- I’m in my late 40’s now, so retirement is becoming more and more real. I wish I had done a better job of saving when I was younger. We currently contribute 10% of our income to our 401K & IRA accounts. It doesn’t matter how much money you have, begin saving for your retirement now. It isn’t hard to set up a personal IRA account if your work doesn’t offer a 401k plan.
- If you are struggling to get started with your retirement planning check out Personal Capital. They have amazing analytical tools that will help you get started and put together a retirement plan.
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- Emergency Fund
- Start by saving $1,000 dollars and then gradually work towards saving 3-6 months of expenses. If you are tight on funds I would start with the emergency fund and then start working on your retirement and personal financial goals. Having an emergency fund is critical for your financial stability.
- If you are struggling to save money, I highly recommend using Digit. It is the simplest way I’ve found to save money. You can read my review here: How to automate your savings plan in five minutes.
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- Personal Financial Goals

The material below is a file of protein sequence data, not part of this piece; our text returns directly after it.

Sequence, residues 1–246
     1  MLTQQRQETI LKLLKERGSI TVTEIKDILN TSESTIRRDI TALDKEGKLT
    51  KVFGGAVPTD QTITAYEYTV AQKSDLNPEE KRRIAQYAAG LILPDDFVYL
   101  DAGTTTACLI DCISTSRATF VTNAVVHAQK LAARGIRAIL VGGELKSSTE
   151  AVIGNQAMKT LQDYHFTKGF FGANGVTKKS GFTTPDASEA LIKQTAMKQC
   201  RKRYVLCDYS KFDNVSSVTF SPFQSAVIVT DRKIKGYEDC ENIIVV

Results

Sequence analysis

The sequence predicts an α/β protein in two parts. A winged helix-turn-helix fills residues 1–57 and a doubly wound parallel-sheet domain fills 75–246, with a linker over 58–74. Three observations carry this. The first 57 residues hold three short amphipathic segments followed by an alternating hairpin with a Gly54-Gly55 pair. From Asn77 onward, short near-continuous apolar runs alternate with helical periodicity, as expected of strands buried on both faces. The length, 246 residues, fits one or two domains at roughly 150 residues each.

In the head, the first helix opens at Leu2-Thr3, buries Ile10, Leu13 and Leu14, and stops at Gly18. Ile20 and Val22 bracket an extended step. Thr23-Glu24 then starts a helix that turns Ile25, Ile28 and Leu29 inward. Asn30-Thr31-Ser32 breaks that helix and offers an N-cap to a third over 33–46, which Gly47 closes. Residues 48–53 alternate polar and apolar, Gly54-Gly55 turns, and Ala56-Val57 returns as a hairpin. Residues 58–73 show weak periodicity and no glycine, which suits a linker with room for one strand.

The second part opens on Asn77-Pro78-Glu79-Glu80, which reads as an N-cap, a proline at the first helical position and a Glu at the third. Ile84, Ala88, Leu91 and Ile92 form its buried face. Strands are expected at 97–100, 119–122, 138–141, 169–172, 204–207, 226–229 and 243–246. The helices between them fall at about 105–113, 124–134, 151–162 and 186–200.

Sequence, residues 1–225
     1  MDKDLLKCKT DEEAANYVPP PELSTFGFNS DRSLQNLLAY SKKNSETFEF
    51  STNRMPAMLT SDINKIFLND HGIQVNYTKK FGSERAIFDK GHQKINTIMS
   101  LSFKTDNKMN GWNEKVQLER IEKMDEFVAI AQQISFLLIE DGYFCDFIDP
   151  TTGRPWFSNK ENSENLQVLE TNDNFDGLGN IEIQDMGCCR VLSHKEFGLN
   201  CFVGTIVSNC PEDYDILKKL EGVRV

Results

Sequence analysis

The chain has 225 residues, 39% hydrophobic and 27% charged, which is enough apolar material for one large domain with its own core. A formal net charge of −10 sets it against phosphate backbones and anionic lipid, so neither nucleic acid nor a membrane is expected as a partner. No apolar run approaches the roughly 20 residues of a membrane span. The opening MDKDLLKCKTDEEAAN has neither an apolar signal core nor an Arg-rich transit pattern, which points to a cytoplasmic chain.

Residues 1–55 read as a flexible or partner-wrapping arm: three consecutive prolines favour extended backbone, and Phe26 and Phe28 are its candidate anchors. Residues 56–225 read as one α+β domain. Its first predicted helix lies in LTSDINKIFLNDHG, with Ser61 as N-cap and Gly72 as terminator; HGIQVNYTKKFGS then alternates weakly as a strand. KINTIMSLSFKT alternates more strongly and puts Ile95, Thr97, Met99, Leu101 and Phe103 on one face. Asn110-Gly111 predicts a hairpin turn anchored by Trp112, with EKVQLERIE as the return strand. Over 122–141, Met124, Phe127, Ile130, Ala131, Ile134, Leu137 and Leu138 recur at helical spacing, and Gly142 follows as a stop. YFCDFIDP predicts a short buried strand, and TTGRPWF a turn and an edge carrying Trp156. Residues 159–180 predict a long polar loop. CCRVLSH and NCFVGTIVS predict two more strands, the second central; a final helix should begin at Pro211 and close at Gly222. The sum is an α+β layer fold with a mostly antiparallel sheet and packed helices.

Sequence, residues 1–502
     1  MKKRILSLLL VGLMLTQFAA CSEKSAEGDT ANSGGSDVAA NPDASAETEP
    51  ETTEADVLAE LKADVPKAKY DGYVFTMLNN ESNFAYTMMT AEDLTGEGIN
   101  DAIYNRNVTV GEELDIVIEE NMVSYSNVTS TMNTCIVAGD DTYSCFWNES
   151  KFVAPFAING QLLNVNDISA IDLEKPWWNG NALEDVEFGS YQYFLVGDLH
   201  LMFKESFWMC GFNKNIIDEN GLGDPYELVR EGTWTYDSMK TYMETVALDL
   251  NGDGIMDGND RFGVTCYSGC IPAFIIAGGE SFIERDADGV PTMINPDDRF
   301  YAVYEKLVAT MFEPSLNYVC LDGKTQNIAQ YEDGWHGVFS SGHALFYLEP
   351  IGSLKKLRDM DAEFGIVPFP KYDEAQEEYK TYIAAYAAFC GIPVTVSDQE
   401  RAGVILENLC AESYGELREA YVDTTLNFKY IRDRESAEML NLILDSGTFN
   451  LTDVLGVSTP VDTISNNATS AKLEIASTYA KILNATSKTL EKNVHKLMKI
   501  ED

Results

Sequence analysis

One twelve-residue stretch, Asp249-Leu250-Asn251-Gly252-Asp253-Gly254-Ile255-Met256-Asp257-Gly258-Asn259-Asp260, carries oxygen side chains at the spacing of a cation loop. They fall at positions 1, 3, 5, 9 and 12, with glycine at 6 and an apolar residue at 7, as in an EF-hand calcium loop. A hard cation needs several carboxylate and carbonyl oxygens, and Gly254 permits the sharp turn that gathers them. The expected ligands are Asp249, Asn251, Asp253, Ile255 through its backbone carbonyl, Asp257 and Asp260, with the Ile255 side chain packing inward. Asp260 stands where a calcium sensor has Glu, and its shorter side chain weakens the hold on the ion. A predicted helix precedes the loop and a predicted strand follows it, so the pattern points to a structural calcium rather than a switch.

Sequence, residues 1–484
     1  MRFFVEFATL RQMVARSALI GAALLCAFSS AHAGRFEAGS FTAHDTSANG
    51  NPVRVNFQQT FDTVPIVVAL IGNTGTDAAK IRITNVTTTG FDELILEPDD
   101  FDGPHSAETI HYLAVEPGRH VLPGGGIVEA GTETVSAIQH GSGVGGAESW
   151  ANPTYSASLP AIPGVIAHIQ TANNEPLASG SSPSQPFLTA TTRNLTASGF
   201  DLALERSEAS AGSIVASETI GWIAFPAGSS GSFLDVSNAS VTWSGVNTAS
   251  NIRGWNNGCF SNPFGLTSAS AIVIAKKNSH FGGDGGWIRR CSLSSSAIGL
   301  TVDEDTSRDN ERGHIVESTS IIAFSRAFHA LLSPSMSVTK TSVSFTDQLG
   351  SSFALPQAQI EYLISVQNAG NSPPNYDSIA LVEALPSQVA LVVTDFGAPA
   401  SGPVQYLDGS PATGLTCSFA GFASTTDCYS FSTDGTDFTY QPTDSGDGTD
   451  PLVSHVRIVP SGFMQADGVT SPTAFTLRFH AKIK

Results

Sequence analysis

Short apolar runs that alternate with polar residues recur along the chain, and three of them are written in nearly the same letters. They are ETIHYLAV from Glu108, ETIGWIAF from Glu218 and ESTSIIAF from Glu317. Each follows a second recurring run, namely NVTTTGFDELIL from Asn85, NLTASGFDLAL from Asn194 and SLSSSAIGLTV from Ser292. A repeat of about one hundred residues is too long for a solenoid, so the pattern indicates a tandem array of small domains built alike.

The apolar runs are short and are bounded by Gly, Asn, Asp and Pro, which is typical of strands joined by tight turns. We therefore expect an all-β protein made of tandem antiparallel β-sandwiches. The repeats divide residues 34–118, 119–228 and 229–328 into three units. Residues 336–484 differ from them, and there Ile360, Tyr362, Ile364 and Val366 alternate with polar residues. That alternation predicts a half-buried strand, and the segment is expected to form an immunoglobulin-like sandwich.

- This is where I save for the random extras in life. For example, all of our vehicles have over 200,000 miles, so I have a vehicle replacement fund. I also put aside money each month for our next vacation. I also really, really want a new MacBook Pro, so I’m putting aside a little bit of extra money for when my computer finally dies.
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I have to adjust my savings percentages periodically based on our current financial situation. You may choose to set a different budgeting rule.
For example, when we were trying to pay off our consumer debt, I chose to stop funding our retirement accounts for a couple of years. It was a very difficult decision, but I felt that reducing the debt was more important. You can read more about our experience in this post: How We Paid Off $293,000 of Debt in 5 Years.
Our emergency fund is currently at 6 months, but until we hit that point I threw every extra dollar towards that goal. I currently contribute at least 10% to retirement and usually do $500-1,000 towards the personal financial goals.
It is really hard to live within the rules of budgeting and save money at times.
However, I think it is even harder to have an emergency and not have money. I hated the feeling of not having money and have never been able to live paycheck to paycheck. The thought of not having a reserve freaks me out.